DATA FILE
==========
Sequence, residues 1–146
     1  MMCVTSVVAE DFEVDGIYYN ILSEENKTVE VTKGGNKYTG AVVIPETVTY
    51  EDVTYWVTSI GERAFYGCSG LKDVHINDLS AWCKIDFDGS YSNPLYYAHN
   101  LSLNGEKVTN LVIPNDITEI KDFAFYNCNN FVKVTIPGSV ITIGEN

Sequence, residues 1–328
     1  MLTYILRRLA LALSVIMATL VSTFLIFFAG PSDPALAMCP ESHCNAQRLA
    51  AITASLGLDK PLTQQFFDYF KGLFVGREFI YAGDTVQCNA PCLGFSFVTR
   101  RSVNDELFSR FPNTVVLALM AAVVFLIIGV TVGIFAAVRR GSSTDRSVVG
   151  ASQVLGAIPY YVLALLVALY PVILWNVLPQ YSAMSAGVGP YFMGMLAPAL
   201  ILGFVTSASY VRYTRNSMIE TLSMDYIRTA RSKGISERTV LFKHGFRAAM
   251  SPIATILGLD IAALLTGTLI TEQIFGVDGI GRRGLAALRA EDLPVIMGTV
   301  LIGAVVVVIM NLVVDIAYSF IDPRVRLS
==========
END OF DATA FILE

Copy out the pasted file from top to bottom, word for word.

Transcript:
Sequence, residues 1–146
     1  MMCVTSVVAE DFEVDGIYYN ILSEENKTVE VTKGGNKYTG AVVIPETVTY
    51  EDVTYWVTSI GERAFYGCSG LKDVHINDLS AWCKIDFDGS YSNPLYYAHN
   101  LSLNGEKVTN LVIPNDITEI KDFAFYNCNN FVKVTIPGSV ITIGEN

Sequence, residues 1–328
     1  MLTYILRRLA LALSVIMATL VSTFLIFFAG PSDPALAMCP ESHCNAQRLA
    51  AITASLGLDK PLTQQFFDYF KGLFVGREFI YAGDTVQCNA PCLGFSFVTR
   101  RSVNDELFSR FPNTVVLALM AAVVFLIIGV TVGIFAAVRR GSSTDRSVVG
   151  ASQVLGAIPY YVLALLVALY PVILWNVLPQ YSAMSAGVGP YFMGMLAPAL
   201  ILGFVTSASY VRYTRNSMIE TLSMDYIRTA RSKGISERTV LFKHGFRAAM
   251  SPIATILGLD IAALLTGTLI TEQIFGVDGI GRRGLAALRA EDLPVIMGTV
   301  LIGAVVVVIM NLVVDIAYSF IDPRVRLS